Orange Blossom is one of our most difficult collections to prints. In this post you will get a sense of the workmanship it takes to bring it to life. Beware– this not one of those posts that you simply skim through 🙂
It all starts with a seemingly simple step, which in reality is not simple at all! The fabric needs to be pinned taut on each side.
Getting ready to print the border: measuring is an important step and it needs to be precise.
Printing the corners tends to be tricky…
On to the border now with Block #1
Some people wonder why the lines don’t look perfectly straight: these are the “block joints.” This is one sure way to distinguish traditional block printed from screen printed textiles.
Border continued Block #2
Using Block #1 again to finish up the border
Border outline complete
Moving on to blocks to fill in the color –Block #3: Orange. In the photograph it looks gold, but it will turn to orange as it dries.
Block #4: color – Orange. The main part of the border.
Border with the first color block printed.
This is how the orange will finally look.
Block #5: Sage green. You will have to have a swatch or one of the items in this print in front of you to really see which part of the border is being filled in. This block is one of the most intricate of the set.
Block #6: Filling in the sage green for the foliage in the border
This is how it looks in it’s final form after printing (2 colors filled in, orange and sage green)
In this closeup, try to find which block has filled in which part of the print! It’s indeed awe-inspiring…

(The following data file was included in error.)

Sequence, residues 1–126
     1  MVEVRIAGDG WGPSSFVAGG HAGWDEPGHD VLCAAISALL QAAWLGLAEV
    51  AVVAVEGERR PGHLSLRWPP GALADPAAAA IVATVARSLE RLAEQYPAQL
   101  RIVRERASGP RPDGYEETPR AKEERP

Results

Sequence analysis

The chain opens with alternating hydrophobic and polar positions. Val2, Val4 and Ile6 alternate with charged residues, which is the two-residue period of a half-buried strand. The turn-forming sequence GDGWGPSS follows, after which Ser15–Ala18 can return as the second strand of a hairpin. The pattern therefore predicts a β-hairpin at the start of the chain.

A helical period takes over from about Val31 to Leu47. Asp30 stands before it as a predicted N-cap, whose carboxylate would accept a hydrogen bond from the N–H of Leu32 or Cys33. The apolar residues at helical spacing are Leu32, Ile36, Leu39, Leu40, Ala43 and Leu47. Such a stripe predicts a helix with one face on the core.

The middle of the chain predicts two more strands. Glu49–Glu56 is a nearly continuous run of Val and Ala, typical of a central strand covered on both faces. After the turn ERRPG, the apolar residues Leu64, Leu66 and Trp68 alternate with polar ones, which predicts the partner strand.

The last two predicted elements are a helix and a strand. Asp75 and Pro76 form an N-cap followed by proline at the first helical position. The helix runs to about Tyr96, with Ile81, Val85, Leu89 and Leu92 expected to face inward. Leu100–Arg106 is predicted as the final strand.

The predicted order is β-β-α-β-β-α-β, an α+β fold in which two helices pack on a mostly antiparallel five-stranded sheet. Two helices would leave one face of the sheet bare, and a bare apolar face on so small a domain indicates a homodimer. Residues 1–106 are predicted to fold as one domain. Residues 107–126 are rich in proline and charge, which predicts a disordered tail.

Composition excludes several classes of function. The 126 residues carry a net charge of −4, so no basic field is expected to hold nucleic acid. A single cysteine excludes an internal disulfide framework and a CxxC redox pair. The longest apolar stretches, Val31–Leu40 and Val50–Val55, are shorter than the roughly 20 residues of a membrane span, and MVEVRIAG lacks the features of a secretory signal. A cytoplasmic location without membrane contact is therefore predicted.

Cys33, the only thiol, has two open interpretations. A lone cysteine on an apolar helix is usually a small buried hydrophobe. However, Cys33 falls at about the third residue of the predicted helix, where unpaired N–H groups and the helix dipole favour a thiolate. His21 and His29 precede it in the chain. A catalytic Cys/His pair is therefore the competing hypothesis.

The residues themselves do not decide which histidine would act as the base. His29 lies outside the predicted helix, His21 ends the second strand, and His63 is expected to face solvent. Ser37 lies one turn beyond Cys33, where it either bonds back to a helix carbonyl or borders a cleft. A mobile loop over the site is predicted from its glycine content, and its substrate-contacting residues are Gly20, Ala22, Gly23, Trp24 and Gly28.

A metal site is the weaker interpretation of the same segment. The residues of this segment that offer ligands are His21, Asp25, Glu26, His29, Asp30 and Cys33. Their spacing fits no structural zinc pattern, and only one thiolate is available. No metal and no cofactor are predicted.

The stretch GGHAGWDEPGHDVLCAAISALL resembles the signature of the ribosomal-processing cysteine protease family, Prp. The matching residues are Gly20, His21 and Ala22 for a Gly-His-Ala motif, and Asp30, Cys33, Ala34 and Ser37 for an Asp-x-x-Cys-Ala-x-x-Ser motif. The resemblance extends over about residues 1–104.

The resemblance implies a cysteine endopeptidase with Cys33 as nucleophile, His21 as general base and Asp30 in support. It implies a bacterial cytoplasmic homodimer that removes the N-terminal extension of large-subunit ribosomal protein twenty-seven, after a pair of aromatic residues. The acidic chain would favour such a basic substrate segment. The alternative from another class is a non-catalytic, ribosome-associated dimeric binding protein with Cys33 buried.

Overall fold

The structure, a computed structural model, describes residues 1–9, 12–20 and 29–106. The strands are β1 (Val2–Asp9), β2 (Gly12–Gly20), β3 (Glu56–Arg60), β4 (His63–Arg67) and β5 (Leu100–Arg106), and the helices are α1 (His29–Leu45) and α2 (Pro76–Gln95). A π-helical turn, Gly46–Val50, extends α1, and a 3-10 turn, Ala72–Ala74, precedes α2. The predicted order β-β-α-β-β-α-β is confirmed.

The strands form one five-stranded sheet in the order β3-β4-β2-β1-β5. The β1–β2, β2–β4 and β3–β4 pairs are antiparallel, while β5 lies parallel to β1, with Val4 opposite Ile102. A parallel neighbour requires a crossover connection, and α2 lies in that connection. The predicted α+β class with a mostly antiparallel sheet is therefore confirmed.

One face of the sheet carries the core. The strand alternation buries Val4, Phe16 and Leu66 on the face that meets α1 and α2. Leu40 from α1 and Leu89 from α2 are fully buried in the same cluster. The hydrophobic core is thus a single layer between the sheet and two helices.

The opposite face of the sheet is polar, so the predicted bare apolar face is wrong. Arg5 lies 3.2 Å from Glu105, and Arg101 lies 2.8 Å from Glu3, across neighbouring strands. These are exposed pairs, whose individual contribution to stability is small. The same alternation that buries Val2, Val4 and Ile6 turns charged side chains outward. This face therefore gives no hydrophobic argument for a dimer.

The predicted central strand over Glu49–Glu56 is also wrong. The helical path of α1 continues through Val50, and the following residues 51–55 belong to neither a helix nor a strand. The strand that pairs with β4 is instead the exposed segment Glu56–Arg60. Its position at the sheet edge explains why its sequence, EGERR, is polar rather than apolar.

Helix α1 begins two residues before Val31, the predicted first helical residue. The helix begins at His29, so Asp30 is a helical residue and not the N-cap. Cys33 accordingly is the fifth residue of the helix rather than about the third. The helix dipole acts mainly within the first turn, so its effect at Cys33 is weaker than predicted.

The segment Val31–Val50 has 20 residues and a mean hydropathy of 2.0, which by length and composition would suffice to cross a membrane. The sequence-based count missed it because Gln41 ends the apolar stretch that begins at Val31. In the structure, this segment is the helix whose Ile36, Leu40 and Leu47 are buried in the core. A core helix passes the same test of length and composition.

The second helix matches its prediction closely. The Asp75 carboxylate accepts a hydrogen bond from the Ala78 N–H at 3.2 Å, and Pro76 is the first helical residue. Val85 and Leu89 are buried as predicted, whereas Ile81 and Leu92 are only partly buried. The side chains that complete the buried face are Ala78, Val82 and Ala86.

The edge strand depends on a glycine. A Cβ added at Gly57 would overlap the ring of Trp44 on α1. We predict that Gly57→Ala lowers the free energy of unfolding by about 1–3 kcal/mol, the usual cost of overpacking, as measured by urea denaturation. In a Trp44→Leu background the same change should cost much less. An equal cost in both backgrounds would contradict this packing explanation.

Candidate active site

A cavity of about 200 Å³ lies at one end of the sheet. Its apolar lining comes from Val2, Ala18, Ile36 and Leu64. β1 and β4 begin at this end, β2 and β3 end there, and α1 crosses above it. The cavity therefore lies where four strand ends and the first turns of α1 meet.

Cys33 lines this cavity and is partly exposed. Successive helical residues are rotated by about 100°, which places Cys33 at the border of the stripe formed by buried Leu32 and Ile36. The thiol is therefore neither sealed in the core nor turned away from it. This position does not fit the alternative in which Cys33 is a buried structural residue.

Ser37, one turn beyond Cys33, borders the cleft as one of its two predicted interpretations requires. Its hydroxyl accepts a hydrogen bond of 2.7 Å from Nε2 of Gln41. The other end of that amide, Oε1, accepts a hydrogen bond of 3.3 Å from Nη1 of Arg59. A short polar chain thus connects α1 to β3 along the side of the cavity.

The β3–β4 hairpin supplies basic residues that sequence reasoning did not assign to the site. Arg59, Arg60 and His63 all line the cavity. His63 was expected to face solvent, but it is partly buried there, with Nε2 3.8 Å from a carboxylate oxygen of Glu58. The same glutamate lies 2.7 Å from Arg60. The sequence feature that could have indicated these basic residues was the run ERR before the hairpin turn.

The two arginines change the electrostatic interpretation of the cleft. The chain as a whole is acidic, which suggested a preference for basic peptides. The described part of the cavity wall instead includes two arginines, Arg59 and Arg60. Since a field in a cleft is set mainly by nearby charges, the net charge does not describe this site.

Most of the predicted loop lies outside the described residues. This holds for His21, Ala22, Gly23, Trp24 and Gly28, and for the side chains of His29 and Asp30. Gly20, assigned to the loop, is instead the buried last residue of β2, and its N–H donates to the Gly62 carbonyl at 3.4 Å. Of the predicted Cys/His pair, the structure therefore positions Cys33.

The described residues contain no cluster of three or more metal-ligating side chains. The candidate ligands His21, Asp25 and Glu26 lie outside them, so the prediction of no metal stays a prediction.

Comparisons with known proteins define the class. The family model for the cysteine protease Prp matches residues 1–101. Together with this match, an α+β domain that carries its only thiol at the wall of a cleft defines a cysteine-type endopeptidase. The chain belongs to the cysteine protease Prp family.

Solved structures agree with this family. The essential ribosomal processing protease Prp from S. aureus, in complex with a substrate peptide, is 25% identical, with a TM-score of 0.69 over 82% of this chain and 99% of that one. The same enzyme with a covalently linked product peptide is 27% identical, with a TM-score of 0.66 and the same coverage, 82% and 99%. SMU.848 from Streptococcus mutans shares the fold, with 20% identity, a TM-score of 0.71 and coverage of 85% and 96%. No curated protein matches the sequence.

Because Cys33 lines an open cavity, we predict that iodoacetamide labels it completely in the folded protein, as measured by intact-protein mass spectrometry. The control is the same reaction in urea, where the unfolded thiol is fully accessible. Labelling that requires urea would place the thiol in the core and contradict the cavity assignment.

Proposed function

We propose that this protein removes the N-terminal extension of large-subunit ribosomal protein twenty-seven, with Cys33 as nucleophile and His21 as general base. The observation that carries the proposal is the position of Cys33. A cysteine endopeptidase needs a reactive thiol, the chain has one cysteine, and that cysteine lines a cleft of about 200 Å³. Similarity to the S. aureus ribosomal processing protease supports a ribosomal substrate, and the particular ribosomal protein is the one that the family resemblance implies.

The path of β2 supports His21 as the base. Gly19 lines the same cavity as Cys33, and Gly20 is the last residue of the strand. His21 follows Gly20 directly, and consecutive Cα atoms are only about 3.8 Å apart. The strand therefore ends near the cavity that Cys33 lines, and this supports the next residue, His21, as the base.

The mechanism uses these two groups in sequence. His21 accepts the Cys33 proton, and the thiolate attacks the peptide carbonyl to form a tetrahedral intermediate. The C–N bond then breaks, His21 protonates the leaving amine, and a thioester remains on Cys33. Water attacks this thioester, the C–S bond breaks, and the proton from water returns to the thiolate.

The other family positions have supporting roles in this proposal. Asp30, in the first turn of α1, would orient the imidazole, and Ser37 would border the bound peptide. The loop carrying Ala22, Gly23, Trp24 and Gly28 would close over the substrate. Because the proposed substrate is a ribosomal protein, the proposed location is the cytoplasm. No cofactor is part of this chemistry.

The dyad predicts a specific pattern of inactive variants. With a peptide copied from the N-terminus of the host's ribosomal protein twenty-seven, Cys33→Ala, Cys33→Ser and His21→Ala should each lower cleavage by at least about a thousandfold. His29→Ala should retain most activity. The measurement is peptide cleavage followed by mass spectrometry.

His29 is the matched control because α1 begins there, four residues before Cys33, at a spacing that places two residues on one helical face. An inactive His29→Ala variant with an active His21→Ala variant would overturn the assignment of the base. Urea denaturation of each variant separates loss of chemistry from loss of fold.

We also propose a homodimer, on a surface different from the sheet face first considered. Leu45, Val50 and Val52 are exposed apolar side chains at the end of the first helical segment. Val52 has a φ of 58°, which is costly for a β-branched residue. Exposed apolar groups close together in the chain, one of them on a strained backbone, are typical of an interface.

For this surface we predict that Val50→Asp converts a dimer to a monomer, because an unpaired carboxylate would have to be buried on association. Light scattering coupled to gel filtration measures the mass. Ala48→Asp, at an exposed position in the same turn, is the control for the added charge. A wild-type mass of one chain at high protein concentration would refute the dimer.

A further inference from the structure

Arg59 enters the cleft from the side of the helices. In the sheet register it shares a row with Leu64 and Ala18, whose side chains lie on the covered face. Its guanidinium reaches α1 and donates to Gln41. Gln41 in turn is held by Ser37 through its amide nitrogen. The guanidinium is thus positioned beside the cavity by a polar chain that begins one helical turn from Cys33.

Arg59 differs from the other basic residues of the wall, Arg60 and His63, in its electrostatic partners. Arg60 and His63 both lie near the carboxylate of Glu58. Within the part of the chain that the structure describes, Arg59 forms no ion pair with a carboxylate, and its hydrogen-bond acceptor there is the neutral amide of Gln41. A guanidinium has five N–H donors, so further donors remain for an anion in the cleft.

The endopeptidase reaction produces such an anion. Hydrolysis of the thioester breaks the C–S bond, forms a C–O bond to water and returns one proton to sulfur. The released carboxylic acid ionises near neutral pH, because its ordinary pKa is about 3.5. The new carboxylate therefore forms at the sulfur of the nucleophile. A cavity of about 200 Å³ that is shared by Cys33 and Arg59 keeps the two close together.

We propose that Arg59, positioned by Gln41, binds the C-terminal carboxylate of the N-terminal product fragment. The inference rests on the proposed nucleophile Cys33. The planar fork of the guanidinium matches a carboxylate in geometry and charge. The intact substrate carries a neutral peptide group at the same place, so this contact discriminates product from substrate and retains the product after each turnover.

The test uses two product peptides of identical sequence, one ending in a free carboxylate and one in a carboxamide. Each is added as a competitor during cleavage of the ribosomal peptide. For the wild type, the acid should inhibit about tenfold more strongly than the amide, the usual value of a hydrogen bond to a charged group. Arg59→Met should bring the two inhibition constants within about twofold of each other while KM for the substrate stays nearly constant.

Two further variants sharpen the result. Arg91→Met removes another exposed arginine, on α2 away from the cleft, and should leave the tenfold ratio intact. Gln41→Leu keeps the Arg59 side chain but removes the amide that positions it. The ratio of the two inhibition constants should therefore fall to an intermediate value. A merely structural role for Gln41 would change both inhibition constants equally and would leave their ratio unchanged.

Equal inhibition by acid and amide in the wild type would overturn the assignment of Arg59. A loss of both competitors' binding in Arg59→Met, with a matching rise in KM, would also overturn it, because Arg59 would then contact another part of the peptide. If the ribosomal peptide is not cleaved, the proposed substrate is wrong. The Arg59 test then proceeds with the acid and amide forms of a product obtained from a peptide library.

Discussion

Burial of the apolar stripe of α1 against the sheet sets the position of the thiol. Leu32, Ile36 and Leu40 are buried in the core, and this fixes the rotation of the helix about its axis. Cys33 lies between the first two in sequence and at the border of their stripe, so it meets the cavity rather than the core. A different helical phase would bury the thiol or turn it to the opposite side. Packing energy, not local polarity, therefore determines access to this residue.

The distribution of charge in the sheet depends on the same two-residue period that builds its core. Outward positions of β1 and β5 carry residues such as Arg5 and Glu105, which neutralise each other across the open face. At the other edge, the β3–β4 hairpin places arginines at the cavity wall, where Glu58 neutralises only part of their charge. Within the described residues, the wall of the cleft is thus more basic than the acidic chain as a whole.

Block #7: Moving on to the deep purple highlights
Now with 3 colors filled in: Orange, Sage Green, Purple highlights
Once again, let’s look at the border to see how it all looks in its final form:
Block #9: Moving on to the blossoms and to the bulbs in the border. The color is dull violet.
Now with 4 colors filled in: Orange, Sage Green, Purple highlights, dull Violet
Once again, let’s look at the border to see how it all looks in its final form. You can easily spot the 4 colors that have being blocked on till now.
Block #11: Now to color #5, Yellow to fill it the blossoms in the main part of the border and the background for the top and bottom strips.
And finally Block #13. I would imagine this is one block that’s easy to align and use!
Border is complete! Now with all 5 colors filled in: Orange, Sage Green, Purple highlights, dull Violet, Yellow
Nothing like seeing how it will look on a completed piece.
Moving on to the main print now… Block #14 (the outline)
The area close to the border needs to be printed carefully
Block #15: Starting with Orange
Block #16: then with the dull Violet
Block #17: then the green foliage
Block #18: then the purple highlights
Block #19: and finally the yellow
This is how the main print will finally look (after drying and after multiple rounds of washing): A Persian, Mediterranean, tropical-inspired vintage floral print consisting of stylized orange-yellow blossoms accented with deep purple, intricately framed with soft sage green foliage, all lushly pattered across a cream ground.
And here’s a picture of the Orange Blossom tablecloth. It has been very popular this season!
As part of building Saffron Marigold, our lives have been defined by this work for almost a decade now, yet it never ceases to amaze me how these beautiful linens come to life one block at a time. I am excited to bring this very traditional and handmade craft form to you and would love to hear from you. You can comment below.
Also, if you know someone who would appreciate this work, please do share with them.
And finally, if gaining an appreciation of how Orange Blossom is printed has motivated you to take a look at the collection, or may be even make a purchase, you can find it here.